murders still grabbing the headlines, Pope Francis talked about the issues of religious violence and the limits of free speech in a
on his way to the Philippines:
"One cannot offend, make war, kill in the name of one’s own religion -- that is, in the name of God," Francis said. "To kill in the name of God is an aberration."
But then the pope began to outline what he sees as important limits on free expression. Francis began by joking that if someone were to swear against his mother, "a punch awaits him."
Continuing more seriously, the pope said: "One cannot provoke, one cannot insult other people’s faith, one cannot make fun of faith."
"There is a limit," he said. "Every religion has its dignity."
Overall, this was a wonderful message. It drew a stark line against those who use religion to kill or debase others. But I was very troubled by the pope's "joke" about punching out someone who insulted his mother. Isn't that the same logic that inspired terrorists to lash out at
's cartoonists, who had insulted their religious father?
I know Francis was not suggesting that violence is OK in response to insults. But I would have been happier if he had suggested other remedies, especially those found in the gospel: dialog, praying for your enemies and turning the other cheek. OK, so this was an off-the-cuff remark from a pontiff known for shooting from the lip. But still, with the threat of violence and counter-violence so high, this was a missed opportunity at best, and playing into humanity's vilest instincts at worst.
When it comes to speech, the pope is struggling with the same prioritize we all are. IN a pluralistic society, one where censorship is scorned and the rights of the individual are raised to heights unimaginable in the ancient world, we are faced with contradictory feelings. One the one hand, we believe that citizens should be able to express and publish any opinion they wish. On the other hand, we want to live free of constant harassment for our lifestyles and opinions. In other eras, the government and church decided what kinds of expression were permitted. Stray too far against crown or altar, and you would find yourself in a dark and deadly place. Today, our governments (for the most part) allow us to say what we will. You don't have to go too far on the Internet to find some utterly vile talk about President Obama, or Muslims or gun-banning liberals. That's worked well, mostly, and has resulted in discomfort and irritation, but in surprisingly little violence. Where government sanctions were once used to rein in loose talkers, the mass of citizens self-polices to keep crazy talk from becoming crazy actions.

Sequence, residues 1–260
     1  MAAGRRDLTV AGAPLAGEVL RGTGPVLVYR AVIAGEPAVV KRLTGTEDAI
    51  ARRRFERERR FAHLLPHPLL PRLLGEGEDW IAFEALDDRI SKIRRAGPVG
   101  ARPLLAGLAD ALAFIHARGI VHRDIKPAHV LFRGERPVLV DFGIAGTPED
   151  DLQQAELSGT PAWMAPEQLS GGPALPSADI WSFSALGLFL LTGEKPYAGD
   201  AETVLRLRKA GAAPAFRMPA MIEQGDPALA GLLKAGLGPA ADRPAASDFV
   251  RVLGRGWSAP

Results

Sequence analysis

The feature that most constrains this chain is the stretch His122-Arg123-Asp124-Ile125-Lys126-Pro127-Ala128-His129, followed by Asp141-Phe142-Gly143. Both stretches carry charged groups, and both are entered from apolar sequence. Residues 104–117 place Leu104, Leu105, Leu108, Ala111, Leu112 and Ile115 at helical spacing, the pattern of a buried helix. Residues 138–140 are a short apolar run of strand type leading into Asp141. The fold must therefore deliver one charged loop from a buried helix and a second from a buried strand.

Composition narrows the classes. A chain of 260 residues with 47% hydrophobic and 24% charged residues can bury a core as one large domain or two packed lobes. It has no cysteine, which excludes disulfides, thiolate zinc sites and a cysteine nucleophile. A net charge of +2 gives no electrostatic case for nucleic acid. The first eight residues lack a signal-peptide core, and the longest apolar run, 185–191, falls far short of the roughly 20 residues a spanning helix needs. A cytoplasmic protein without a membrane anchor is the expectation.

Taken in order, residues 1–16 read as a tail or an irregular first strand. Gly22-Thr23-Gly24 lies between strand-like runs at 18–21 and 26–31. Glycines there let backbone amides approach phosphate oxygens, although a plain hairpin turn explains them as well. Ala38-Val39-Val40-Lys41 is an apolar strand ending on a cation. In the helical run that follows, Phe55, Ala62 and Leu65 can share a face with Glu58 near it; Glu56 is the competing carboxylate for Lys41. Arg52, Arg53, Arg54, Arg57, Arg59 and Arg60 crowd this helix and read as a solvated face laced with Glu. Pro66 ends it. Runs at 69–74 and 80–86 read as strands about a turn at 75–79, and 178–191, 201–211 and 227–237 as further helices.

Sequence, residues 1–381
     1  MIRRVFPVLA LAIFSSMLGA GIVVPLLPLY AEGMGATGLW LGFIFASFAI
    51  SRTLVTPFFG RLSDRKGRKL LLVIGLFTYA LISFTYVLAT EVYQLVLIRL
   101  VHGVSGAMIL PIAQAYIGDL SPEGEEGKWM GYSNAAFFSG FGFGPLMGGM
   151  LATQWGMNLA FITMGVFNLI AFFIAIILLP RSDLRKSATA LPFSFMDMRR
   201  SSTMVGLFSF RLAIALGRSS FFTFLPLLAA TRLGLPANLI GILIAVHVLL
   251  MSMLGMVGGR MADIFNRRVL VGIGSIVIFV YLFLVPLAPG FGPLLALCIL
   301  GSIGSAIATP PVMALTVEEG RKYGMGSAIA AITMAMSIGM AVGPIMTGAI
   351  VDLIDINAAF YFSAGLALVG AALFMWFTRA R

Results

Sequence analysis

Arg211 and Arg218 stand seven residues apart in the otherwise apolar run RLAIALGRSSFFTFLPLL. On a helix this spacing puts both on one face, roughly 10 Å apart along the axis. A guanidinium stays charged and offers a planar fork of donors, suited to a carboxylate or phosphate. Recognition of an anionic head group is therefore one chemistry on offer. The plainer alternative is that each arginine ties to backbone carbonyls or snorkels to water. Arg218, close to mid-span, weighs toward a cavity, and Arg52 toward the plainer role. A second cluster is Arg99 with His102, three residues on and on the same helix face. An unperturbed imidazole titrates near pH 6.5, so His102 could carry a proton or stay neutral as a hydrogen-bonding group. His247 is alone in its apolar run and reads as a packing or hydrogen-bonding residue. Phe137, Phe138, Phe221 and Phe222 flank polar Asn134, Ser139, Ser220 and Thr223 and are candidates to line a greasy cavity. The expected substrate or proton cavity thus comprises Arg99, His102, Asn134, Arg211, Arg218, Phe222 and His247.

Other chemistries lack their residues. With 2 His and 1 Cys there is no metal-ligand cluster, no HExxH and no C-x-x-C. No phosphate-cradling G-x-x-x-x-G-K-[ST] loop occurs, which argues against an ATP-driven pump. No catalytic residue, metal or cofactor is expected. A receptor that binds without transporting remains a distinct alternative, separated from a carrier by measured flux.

The aberrations are telling.
A deranged shooter in Connecticut guns down 26 schoolchildren and teachers. A lone nut in Norway massacres kids at a camp. A mentally ill shooter in Arizona fires a bullet into a Senator's brain and kills several others. As much as I oppose the obscene scale of the sale of guns in this country, the fact seems to be that, while we kill ourselves in suicides and accidents, guns have not yet been used in large scale attacks against political targets. No riots. Yet. No revolutions. Yet. Somehow, the rage of the masses has been kept in check. The threat of imprisonment is a factor, no doubt. But also, there is the sanction of family members and society at large to consider. Cliven Bundy Can rant and threaten federal officers with guns. But his archaic, racist rants made him a laughing stock among most Americans. Rather than becoming a leader of an anti-government movement, he became distasteful enough to most people to relegate to the trash heap of history.
While I agree with the pope that people should voluntarily refrain from disparage the religions of others, I think he needs to consider that most people are capable of policing their own actions, if not their own tongues. He needs to encourage those who disagree with the opinions of others to nurture the ability to dialogue with the peacefully, or just to ignore them.
, or all of its current popularity (5 million copies of its latest issue were snapped up) has a normal readership of only 60,000. In modern societies, we need to learn to tolerate even the most irritating and hateful speech. Paraphrasing Voltaire, "I will defend to the death your right to publish
, but I don't have to buy it."